The author, Lauren Wellbank, eating soup with her baby

Becoming a mom is hard, both physically and emotionally. After completing the triathlon that is childbirth (push, catch, latch), you’re immediately thrust into your new role: Mommy. There’s no week off to recover, no day-long seminar to teach you the ropes.

Nope, you receive your training on the job while sore, sleep-deprived, and wearing a body that only slightly resembles the one you started off with nine months ago. And that’s if everything else is going perfectly and you’re not also struggling with breastfeeding, complications from delivery, or having to return to work.

It’s easy to get overwhelmed, especially while looking at the precious little creature that you created (and for some reason, the people at the hospital saw fit to send home with you). You may feel like you have no idea what you’re doing. Or it may seem like you’re losing touch with reality because you cry simultaneously because your baby is so precious you can’t stand it, and also because you think you might put your head in the oven if you don’t get more than 45 consecutive minutes of sleep at some point this week.

Between the all-night feedings and how hard it is to even get to the bathroom, you may even find yourself questioning if you’ve made a mistake.

Three years ago, I found myself in that very position, clutching a screaming newborn to my chest as my husband slept peacefully beside me. Somehow, he was unaware of the sobbing infant, as well as the running commentary I had playing in the back of my brain. I kept asking myself, was this all normal?

What is normal in the postpartum period?

You may have heard of the term “baby blues.” It’s typical to undergo a significant emotional and hormonal shift in the days following giving birth. The symptoms of the baby blues can vary in intensity, but they mainly consist of experiencing sadness, anxiety, and occasional bouts of weepiness (especially in response to those adorable baby coos).

These symptoms should begin to let up within 10 days but can go on a couple more weeks as well and still be considered part of the normal process. Still, when these symptoms don’t begin to ease, or instead intensify, that’s a pretty good indicator you may have more than just the baby blues. Instead, you could actually be suffering from postpartum depression.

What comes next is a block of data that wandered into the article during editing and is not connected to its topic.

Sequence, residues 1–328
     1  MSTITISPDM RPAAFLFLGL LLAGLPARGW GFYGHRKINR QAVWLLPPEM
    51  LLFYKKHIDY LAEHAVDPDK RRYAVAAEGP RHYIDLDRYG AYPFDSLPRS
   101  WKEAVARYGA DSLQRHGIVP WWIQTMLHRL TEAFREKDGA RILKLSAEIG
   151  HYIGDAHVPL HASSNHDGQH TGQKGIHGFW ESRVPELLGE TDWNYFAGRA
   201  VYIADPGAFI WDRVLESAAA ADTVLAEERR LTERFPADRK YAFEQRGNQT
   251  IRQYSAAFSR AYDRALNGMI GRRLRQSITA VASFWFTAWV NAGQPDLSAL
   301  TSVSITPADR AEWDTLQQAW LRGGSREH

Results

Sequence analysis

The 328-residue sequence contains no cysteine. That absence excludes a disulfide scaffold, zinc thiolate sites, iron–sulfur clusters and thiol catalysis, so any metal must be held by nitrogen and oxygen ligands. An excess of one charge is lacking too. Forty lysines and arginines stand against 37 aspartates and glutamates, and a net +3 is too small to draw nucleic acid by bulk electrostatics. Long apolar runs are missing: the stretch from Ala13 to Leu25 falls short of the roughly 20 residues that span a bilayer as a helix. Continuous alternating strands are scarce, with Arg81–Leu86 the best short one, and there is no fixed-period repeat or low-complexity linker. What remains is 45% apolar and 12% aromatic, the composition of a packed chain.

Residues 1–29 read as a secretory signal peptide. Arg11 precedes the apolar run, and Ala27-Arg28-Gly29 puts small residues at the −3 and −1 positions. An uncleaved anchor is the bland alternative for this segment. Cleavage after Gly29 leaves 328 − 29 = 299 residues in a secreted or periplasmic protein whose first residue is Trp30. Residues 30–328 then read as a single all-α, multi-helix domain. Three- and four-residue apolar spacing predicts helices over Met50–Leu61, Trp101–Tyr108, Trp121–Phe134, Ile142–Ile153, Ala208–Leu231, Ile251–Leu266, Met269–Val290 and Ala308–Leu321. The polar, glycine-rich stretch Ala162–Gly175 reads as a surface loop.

What is postpartum depression?

Carly Snyder, a psychiatrist who specializes in comprehensive reproductive psychiatry and women’s mental health services, says the symptoms can include sadness, poor energy, tearfulness/frequent crying, loss of appetite, poor sleep, irritability, difficulty bonding with baby, poor concentration, feeling overwhelmed, guilt, feelings of worthlessness and despair, shame and sense of failure.

Whew. Yeah, that’s a lot.

“Anxiety is often also experienced and can include ‘intrusive thoughts,’ or the ‘what if’s,’ that can range from ‘What if I drop the baby?’ to ‘What if I put the baby in the microwave?'” she says. “These intrusive thoughts are not psychotic in nature, but instead are due to severe anxiety.”

These symptoms can also go on for far longer than 10 days.

Three years ago I experienced anxiety when my daughter cried that was so intense I would feel physically ill. My heart would begin to race, my cheeks would flush, and I’d feel a steady heat begin to burn between my shoulder blades. There was almost a primal need for me to just make it stop. It became a compulsion. I didn’t eat. I didn’t sleep. I just focused on doing everything in my power to soothe her. Not everyone who has postpartum depression will have those same sensations, but they may be familiar to some who do.

What should you do if you think you are suffering from postpartum depression?

First off, you should know that you are not alone. Up to 15 percent of mothers suffer from postpartum depression. And you should also seek help. Your obstetrician, your child’s pediatrician, and your primary care physician are all excellent resources.

Personally, when I realized that something wasn’t right, I talked to my daughter’s pediatrician during one of her well visits. I told her that I was concerned that I may be experiencing symptoms of postpartum depression. Just saying the words out loud lifted a weight off my shoulders. Better yet, when she confirmed my suspicions and advised me that I could get help, I knew that there would be an end in sight. This feeling wouldn’t have to last, and this wasn’t my new normal.

Iffath Hoskins, M.D., OB/GYN, suggests that even if you think you just have a light case of the baby blues, you should definitely talk about how your feeling to your kid’s pediatrician at the well baby checkup. “This will help ensure that a trained medical professional is hearing you and assessing the situation appropriately,” she says.

And what does treatment look like?

There are many treatment options, from talk therapy to medication. “Zoloft can be very effective in treatment and has been shown to be safe in a number of studies of pregnant and lactating women,” says Victoria Jewell-Mahler, M.D., FAAP. For me, talking about what was going on was the biggest help. As soon as I opened up about everything that I was feeling, it didn’t seem quite as overwhelming.

Other women may benefit from more alternative approaches, such as aromatherapy, certain exercises, or by finding a support group of other mothers who have been diagnosed with postpartum depression. Your doctor will work with you to determine what the best treatment is for your situation, but just remember that help is out there.

Lauren Wellbank is a 30-something wife, mother, and recovering cat enthusiast. When she isn’t too busy doing those things, she writes. Follow her on Twitter and Instagram.